Weathr is a 3D weather app for Windows 8.1 using C++, DirectX, and XAML.
Why a weather app?
While working on the Hilo C++
project, I really wanted to further explore the intersection among C++, DirectX, and XAML in the context of a Windows Store app. A 3D weather app seemed novel (I've never seen one before)
yet doable (arguably easier to implement than a game.) I'm publishing this sample as a way of sharing what I learned and getting your feedback.
Although you're free to use any of the code and patterns you see here in your own apps, remember this is a personal side project of mine -- there's surely room to improve the architecture and design patterns that are used. Please report any feedback
you have on the code in the Issues or Discussions tab. If you find any parts to be particularly useful, or would like to see more discussion on, please let me know that as well!
Click the image below for a quick video tour of the app.
(Some folks have asked me if this app is in the Windows Store. It is not yet!)
What's needed to run it?
- Windows 8.1
- Visual Studio 2013. Get Visual Studio Express 2013
- A Bing Maps API key. Get a trial key
- A World Weather Online API key. Get a trial key
Add your API keys to ServiceKeys.h
I know it's a bit of a pain, but it's pretty straight-forward to register for the API keys. You can still run the app without the API keys; you simply won't be able to access weather data or search for locations.
What's it demonstrate?
Here are some of the features to look for in this sample. Also see the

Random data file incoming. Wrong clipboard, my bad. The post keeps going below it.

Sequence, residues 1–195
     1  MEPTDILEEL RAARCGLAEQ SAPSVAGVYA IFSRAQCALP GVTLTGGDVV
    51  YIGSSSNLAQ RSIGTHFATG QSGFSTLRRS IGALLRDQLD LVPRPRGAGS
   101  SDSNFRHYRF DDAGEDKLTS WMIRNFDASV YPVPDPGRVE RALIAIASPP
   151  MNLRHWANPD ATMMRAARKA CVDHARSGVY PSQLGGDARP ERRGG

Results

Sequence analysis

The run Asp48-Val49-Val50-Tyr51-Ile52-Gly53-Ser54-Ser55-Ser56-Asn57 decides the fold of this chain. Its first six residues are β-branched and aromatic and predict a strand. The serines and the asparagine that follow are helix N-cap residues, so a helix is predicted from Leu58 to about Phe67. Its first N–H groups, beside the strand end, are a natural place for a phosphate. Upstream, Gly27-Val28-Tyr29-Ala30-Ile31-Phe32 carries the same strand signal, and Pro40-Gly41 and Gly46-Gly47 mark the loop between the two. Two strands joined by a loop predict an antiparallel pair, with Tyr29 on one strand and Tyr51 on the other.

tab for technical info about various parts of this project.
- How to use ISO C++ to implement the core logic and C++/CX along the "boundary" where you work Windows Runtime.
- How to use DirectX to manage 3D content and XAML to manage 2D content.
PPL tasks to load assets asynchronously and to perform background work.
- Rendering shared 3D content across pages.
- Capturing 3D content for later use (such as on the live tile and location management page.)
- Displaying current weather info on the live tile.
- Using the secondary tile to bookmark to a specific experience.
- Rendering cloud and star effects in a way that works on both Intel and ARM-based devices.
- Using the C++ REST SDK to connect to the weather and Bing Maps services.
- Throttling HTTP requests to limit the number of requests made per second.
- Using app bars to browse the 5 day forecast and perform interesting commands.
GestureRecognizer to read input events for manipulating the globe.
- Using Semantic Zoom to enable fast navigation.
MessageDialog to confirm commands.
- Using the Search contract to search for locations from Bing Maps.
- Downloading and caching images for later use.
- Using app settings to set preferences.
- Using a basic logger to display diagnostic messages on the UI.
Who worked on it?
- Development: Thomas Petchel (Microsoft)
- Beta testing: Megan Petchel
- Logo image: Deborah Steinke (Graphic Designer, adaQuest, Inc.)
- Special thanks to Michael Thompson (Microsoft) for helping me with some of the math (before I wised up to using DirectXMath!) and for helping me troubleshoot some of my DirectX code. Also big thanks to Michael B. McLaughlin (Microsoft MVP) and Giovanni
Dicanio (Microsoft MVP) for reviewing portions of the code and providing valuable feedback.
- Thanks also to Jennifer Leaf (Microsoft) & Michael Blome (Microsoft) for trying the app out and providing feedback, and to my manager Billie Jo Smith (Microsoft) for supporting this project.